Two of GW’s online graduate programs were ranked among the best in the country by U.S. News and World Report earlier this month.
The national media company that publishes college rankings annually placed the online graduate engineering program in the School of Engineering and Applied Science at No. 15 and the online master’s in business program in the School of Business at No. 22 nationally. Officials said the ranking is a result of faculty directly engaging with and listening to students to provide them with the academic support they need.
SEAS Dean John Lach said the replication of the school’s performance in an online environment is a “testament” to the programs’ design, faculty and support staff.
“The engineering school’s online programs reflect the aspects for which our on-campus programs are known: academic quality, technical depth with societal breadth and the personal attention we provide to students,” he said in an email.
Lach said he is confident the programs’ reputations will continue to improve in the future.
The rankings are based on nine separate categories factored into a final score. The engineering program received high marks in the student engagement category, placing 10th, and faculty rank and training, placing 11th.
Shahram Sarkani, the director of online programs in SEAS, said engineering school officials are “responsive” to students’ wishes to help them succeed, explaining the higher ranking.
“We give them one point of contact, and through that contact, we take care of them from the time they apply until the time they graduate,” he said in an email.
Sarkani said the online engineering programs all use similar approaches to in-person courses. Administrators hold online office hours daily so students can interact with faculty to promote student success, he said.
“As our program continues to grow, we hope that success will lead to a rise in the rankings,” Sarkani said.
Liesl Riddle, the associate dean for graduate programs in the business school, said the high rankings will help raise awareness of online programs and encourage faculty to develop “innovative” new online courses.
She said the rankings reflect some of the major successes in their programs overall, including “deep” student engagement, the “quality of the online classroom environment” and an emphasis on experiential learning.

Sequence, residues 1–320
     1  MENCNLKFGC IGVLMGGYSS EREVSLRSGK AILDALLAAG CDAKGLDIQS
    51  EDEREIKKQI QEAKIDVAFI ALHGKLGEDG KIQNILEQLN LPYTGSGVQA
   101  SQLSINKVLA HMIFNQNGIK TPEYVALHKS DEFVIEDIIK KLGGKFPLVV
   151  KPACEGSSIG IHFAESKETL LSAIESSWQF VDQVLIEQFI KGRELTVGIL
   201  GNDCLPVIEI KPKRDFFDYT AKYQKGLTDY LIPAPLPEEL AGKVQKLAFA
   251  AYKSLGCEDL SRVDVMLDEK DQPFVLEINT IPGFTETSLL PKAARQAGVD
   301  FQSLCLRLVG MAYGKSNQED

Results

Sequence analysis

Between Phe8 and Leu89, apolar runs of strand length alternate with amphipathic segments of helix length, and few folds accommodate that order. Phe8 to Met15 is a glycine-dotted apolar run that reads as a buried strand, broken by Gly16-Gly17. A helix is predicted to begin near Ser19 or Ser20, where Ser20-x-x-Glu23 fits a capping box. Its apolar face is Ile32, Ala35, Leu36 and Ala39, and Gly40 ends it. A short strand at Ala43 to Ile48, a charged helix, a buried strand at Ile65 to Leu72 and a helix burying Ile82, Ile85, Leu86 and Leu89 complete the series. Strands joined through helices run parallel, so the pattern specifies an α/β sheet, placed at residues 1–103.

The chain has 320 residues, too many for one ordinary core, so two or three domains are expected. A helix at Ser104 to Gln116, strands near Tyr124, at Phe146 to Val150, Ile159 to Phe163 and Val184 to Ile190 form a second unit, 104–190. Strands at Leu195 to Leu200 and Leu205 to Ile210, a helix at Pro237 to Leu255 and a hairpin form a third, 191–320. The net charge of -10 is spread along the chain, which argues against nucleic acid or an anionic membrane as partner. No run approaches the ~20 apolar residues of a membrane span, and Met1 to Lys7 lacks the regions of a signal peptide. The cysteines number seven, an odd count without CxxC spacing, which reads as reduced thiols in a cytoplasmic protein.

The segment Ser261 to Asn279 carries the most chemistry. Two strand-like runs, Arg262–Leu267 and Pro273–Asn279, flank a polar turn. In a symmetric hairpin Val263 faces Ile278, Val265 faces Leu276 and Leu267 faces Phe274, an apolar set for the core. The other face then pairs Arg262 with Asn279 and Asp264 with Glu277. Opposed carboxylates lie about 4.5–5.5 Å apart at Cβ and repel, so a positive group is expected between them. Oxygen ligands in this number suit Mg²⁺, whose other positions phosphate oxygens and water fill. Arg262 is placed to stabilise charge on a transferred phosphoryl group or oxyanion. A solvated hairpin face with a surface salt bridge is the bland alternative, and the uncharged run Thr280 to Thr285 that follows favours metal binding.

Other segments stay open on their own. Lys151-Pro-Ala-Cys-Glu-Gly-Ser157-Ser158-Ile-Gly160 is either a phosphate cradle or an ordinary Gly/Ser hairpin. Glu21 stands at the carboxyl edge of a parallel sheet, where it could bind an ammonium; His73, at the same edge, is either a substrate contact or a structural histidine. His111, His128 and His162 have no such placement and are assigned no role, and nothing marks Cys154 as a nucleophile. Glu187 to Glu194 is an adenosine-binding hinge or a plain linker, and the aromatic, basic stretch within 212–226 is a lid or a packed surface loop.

The online MBA program ranked strongest in student engagement, at 26th overall out of 335 programs.
“The business school’s online courses are custom-crafted internally by the same faculty that teach our classroom courses and are supported by a state-of-the-art instructional design team and in-house studio,” Riddle said in an email.
She said the school’s D.C. location allows officials to virtually “bring into the online classroom” industry leaders and policymakers who appear in face-to-face classroom settings.
Riddle said officials will work to expand the number of graduate certificates online and “further develop” services available to students, like online advising, career services and online networking happy hours.
Business school Dean Anuj Mehrotra said last spring that officials planned to add more graduate certificates online, increasing the total by at least a dozen in the fall. The business school currently offers 24 graduate certificates.
Ayman El Tarabishy, the program director of the online healthcare MBA program and a teaching professor of management, said achieving desired rankings begins with setting a clear vision of what the members of a program want to accomplish and a strategy for accomplishing it.
El Tarabishy said the program has a three-part strategy for success: ensuring the program fits in the “portfolio” of the business school’s offerings, offering the course over an effective and intuitive digital platform and verifying that faculty and support staff associated with online programs are qualified to help students.
“The devil is in the details, and we thought of the details, and we had a plan for the details so when we came, we knew how to handle them,” he said. “The system works because of this.”
Online education experts said strong online education rankings are becoming increasingly useful as more students turn to online education in the 21st century.
Vickie Cook, the executive director of online, professional and engaged learning at the University of Illinois Springfield, said administrators must retain high standards in teaching and education online in addition to in-person learning so students receive the same quality education regardless of their location.
“Online programs should reflect the high level of commitment to teaching on campus and, conversely, on-campus instruction should reflect the high level of commitment an institution shows to teaching online,” Cook said in an email.
Ray Schroeder, the director of the National Council for Online Education, said the high ranking is an effective “marketing tool” for attracting more students and faculty to join a program.
Schroeder said on-campus enrollment at universities nationally has declined for about the past decade, but online enrollment has consistently increased in that time period, signaling the need for academic institutions to cater more for students who cannot be part of an in-person classroom.
“If I were working for a corporation in Chicago or Los Angeles, I’m probably not going to fly out to GW to take classes every week,” he said. “It just isn’t going to work. But if a university can further your curriculum online, then I can become engaged as a student and, ultimately, as a proud alum of GW.”